Brains. Brains. Brains. When it comes to zombies, it’s all anyone can think about. Oh, no, the evil, insatiable zombie is going to eat my brain!
Of course this is a perfectly natural response. For much of history, zombie outbreaks have meant the end of civilization as we know it and the beginning of a full-scale, adrenaline-driven, fight-or-flight existence in which the slightest hesitance could mean a bloody lobotomy and certain death. But the image of roving bands of zombies lumbering down the street with dura mater sticking to their chins is so indelibly fixed in our collective mind that we can’t see the forest for the meninges. The h1Z1 variant Y zombie isn’t that zombie. Yes, with the incontrovertible habit of his species, he eats brains, but he doesn’t eat your brain. He eats the brains of cows and chickens and pigs—animals you yourself eat with startling regularity. That doesn’t make you a monster, does it?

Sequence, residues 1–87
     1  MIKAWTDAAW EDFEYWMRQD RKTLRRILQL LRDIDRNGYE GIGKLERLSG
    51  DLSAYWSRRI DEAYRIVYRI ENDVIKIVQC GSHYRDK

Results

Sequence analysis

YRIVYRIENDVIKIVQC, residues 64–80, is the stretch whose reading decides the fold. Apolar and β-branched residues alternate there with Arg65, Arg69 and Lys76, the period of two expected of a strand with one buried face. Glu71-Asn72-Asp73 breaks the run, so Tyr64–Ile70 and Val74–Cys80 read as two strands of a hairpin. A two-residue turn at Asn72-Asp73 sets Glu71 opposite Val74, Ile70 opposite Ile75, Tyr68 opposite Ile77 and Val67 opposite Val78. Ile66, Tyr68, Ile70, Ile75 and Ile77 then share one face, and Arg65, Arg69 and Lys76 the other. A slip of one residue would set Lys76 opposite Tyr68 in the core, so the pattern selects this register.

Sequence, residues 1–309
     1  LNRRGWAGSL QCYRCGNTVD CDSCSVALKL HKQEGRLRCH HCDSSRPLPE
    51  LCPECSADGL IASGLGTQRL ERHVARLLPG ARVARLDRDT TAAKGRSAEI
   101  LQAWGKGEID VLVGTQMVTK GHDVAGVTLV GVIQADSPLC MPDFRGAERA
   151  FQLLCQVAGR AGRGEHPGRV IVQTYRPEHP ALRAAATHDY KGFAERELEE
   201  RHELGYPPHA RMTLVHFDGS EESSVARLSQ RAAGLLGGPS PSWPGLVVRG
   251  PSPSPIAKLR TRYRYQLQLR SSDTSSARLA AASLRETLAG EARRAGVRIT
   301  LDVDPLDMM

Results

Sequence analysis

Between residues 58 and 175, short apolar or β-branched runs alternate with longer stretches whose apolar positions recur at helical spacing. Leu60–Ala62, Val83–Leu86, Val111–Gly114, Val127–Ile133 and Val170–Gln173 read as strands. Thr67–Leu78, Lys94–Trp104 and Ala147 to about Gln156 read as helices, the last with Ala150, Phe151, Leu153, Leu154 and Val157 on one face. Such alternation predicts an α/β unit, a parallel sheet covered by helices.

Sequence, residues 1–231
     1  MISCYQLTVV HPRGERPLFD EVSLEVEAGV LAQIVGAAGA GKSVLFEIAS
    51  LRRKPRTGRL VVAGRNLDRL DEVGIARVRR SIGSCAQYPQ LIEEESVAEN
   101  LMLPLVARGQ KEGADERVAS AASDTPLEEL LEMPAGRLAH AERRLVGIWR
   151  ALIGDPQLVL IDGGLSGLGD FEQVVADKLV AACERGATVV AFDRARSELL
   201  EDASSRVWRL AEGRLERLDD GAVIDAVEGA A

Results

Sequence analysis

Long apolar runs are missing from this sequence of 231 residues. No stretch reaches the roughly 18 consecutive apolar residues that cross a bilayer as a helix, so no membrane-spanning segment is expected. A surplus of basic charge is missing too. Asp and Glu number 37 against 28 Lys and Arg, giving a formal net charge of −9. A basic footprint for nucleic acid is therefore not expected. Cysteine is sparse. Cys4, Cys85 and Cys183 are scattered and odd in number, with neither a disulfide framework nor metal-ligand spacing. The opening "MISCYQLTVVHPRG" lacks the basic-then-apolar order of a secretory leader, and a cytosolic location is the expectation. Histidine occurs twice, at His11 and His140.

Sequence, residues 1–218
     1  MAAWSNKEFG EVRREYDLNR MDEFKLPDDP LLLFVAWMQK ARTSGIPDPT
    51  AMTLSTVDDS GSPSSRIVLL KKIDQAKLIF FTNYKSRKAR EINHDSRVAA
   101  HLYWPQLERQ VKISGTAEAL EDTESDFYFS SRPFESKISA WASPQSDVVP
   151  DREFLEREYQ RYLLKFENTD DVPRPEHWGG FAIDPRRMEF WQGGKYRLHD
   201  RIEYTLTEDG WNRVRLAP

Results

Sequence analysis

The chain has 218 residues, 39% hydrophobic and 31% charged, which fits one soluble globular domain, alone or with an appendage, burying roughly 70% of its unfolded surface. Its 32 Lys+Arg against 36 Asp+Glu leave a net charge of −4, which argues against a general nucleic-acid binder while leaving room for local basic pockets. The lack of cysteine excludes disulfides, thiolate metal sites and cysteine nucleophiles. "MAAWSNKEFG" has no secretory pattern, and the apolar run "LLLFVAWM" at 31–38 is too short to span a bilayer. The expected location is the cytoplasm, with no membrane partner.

The difference, of course, is the ick factor, the arbitrary designation of grossness to parts of the animal your culture doesn’t consider appropriate for human consumption. But offal isn’t always awful. In many parts of the world, it’s considered a delicacy. The French, for example, love cervelle de veau, calf’s brains sautéed with beurre noir and capers, and Indonesians enjoy gulai otak, beef brains simmered in a coconut milk curry. The problem of zombies, it turns out, isn’t a lack of taste so much as a lack of condiments.
Dating a zombie doesn’t mean you have to partake of brains when out on a date. You should never compromise your own beliefs just to impress a cute zomb. (The self-administered lobotomy, like mankind itself, is so last millennium.) But you should try to refrain from being judgy about it. A healthy relationship requires a healthy dose of respect. So if your boyzomb likes brains for breakfast, lunch and dinner, cut him some slack—and maybe wipe his chin.